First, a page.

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Mobile Cuisine

Boise's Food Truck Rally lures roving eaters



The Boise area hasn't just embraced the food truck trend, it's jumped on the running boards while waving a banner and screaming like a teenage girl at a Justin Bieber concert.

And as the community has taken hold of the idea of getting quality, gourmet food from something with wheels, more entrepreneurs with a strong dose of culinary daring have stepped up, offering diners more options to explore.

But rather than leaving patrons to wander the streets like roving bands of feral children in search of some spicy Korean tacos or a pulled pork sliders, the trucks have banded together--sort of like a biker gang but with way, way better catering and state-required health inspections.

The monthly Boise Food Truck Rally--the second Friday of every month--is a mini version of what can be found daily in some larger cities but done on a Boise scale. Since it started in September 2011, participation has steadily grown, both among the food trucks and anxious eaters. The event reached an initial critical mass in March 2012, when so many people turned out that lines stretched into oblivion and trucks ran out of food.

Organizers used the experience as a lesson and made adjustments to keep things flowing in the future.

"It helped us get on a really steep learning curve," said Sheila Francis, director of marketing and events at Payette Brewing Company.

The initial idea for the rally came together after Archie's Place food truck invited several other trucks to its launch party in the summer of 2011.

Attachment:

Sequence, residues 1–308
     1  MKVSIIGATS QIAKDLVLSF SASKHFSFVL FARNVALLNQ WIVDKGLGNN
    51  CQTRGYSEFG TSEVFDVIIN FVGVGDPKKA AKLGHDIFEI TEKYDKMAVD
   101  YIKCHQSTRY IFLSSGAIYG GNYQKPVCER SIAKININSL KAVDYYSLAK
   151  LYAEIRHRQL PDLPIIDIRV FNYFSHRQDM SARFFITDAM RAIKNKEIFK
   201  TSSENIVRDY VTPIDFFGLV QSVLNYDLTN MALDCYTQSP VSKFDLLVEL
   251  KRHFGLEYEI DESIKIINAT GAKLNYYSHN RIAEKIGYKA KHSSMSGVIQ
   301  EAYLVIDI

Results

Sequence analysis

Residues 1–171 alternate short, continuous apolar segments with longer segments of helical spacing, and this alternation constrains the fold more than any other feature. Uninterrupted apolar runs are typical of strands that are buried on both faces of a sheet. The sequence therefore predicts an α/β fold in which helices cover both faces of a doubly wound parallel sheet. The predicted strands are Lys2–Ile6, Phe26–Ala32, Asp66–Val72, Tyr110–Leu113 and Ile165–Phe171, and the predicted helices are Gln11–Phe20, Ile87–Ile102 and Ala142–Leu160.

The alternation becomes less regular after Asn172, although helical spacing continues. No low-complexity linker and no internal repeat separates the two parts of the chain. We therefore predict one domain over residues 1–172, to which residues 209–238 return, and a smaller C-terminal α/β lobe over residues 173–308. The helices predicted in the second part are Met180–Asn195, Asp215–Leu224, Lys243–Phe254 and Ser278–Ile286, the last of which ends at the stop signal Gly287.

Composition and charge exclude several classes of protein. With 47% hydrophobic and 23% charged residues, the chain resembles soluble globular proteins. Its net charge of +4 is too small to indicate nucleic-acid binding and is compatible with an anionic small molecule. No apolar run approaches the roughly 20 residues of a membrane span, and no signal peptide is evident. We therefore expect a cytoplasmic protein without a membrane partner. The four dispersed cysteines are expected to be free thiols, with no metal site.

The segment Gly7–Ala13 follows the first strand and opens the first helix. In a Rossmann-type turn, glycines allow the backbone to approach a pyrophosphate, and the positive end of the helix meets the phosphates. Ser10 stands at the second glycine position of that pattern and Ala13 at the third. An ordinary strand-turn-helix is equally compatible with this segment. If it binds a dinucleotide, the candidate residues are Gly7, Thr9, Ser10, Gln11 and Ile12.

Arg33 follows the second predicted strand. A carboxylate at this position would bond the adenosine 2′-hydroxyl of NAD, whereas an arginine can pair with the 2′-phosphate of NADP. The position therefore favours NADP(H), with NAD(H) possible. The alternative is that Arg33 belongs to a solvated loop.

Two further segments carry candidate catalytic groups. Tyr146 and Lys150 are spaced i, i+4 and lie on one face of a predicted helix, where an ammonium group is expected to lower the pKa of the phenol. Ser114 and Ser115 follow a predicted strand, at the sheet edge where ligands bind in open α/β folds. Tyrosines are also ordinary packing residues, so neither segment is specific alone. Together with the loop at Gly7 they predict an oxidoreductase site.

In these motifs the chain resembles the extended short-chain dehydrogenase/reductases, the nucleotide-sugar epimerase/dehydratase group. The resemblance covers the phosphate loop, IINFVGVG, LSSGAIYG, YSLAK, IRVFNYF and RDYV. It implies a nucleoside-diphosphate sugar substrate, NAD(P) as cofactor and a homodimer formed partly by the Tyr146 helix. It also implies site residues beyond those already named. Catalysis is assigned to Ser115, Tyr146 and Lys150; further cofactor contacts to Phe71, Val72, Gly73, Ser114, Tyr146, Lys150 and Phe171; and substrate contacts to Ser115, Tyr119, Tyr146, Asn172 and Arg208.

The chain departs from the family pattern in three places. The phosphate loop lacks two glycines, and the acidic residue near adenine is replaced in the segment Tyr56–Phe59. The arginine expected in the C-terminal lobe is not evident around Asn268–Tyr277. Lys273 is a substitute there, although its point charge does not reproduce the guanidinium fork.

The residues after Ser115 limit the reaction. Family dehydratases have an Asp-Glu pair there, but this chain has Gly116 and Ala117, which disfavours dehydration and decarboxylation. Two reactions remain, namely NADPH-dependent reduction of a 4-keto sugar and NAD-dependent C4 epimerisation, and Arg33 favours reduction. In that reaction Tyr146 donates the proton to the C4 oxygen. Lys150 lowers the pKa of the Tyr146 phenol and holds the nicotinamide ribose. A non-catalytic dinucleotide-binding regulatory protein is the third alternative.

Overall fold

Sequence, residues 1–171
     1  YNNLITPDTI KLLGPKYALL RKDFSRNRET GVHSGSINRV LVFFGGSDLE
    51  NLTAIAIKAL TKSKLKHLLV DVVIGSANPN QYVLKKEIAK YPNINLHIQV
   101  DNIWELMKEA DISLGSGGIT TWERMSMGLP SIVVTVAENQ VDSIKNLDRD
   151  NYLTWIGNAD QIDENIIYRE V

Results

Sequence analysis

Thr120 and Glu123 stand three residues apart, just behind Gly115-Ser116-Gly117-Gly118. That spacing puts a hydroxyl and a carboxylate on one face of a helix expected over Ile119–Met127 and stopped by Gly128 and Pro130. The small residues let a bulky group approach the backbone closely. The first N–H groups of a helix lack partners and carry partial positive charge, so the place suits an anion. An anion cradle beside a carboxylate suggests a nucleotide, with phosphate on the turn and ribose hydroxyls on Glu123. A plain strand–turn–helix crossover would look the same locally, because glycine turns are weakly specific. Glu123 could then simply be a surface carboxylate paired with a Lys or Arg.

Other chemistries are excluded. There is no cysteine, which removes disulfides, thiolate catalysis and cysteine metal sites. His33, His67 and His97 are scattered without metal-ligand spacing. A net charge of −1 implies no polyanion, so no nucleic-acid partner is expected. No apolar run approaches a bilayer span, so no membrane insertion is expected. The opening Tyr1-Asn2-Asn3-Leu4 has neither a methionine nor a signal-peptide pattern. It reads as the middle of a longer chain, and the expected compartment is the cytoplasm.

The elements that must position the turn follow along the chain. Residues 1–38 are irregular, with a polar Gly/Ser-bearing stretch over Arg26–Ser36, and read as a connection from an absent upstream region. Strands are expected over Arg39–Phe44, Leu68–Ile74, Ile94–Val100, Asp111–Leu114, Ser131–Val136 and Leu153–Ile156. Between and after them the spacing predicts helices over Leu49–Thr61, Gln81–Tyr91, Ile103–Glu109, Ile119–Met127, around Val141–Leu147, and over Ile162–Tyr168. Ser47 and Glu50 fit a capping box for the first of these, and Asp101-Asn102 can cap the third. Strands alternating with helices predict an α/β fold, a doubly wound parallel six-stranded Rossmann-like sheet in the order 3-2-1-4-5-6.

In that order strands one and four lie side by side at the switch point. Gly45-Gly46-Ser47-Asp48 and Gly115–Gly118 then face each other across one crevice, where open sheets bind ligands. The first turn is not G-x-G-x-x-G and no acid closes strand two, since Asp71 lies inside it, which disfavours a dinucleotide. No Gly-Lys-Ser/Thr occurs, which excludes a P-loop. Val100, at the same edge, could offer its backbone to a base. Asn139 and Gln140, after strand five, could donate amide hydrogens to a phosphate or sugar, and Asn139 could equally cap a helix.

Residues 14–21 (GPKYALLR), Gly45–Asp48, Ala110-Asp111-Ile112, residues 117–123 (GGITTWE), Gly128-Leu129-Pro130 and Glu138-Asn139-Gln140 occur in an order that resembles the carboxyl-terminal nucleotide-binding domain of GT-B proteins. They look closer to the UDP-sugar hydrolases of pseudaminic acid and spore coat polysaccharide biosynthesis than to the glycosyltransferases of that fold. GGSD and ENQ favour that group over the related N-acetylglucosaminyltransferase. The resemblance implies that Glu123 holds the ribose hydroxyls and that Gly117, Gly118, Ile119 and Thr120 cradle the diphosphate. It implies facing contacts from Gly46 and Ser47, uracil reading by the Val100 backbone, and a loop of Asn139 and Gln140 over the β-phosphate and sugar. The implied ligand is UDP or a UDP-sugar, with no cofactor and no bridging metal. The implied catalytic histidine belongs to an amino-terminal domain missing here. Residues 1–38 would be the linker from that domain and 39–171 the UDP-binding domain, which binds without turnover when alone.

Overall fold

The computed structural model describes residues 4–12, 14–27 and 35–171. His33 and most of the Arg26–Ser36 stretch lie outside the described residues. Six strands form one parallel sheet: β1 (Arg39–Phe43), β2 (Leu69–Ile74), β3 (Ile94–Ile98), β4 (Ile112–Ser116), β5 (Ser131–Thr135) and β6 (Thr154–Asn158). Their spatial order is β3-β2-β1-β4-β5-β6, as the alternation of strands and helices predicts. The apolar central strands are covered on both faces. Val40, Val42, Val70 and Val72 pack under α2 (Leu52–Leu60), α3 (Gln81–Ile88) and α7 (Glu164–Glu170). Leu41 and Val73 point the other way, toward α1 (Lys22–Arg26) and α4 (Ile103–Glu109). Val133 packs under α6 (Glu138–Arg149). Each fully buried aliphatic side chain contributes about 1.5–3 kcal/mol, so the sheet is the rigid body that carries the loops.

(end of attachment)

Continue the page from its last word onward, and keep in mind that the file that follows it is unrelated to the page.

"After that, we thought, 'Why can't we continue this?'" Francis said.

Now a core group of six food trucks is joined monthly by whomever else can make the event, which rotates to different areas of Boise in an effort to reach more people. And the people have responded to their efforts, turning a curiosity into a monthly see-and-be-seen, must-attend event.

"Some people have seen food trucks before, and others are just curious," Francis said. "They're looking for that bigger-city thing that has that culture."

That culture is an all-encompassing one, with the core group of 25- to 35-year-olds joined by teens, seniors and a whole lot of families, all on the lookout for food offerings they can't find elsewhere in the area.

While Payette Brewing is always on hand to keep the beer flowing, it's also regularly joined by the likes of B29 Streatery, Archies Place, Brown Shuga Soul Food, Rice Works, Asian Boy BBQ, Calle 75 Street Tacos, A Cupcake Paradise, Boise Fry Company and Stuck in Your Grill.

Even with all the hype, Francis said many first-timers are still surprised by what they find.

"They're not the roach coaches they've found before," she said.


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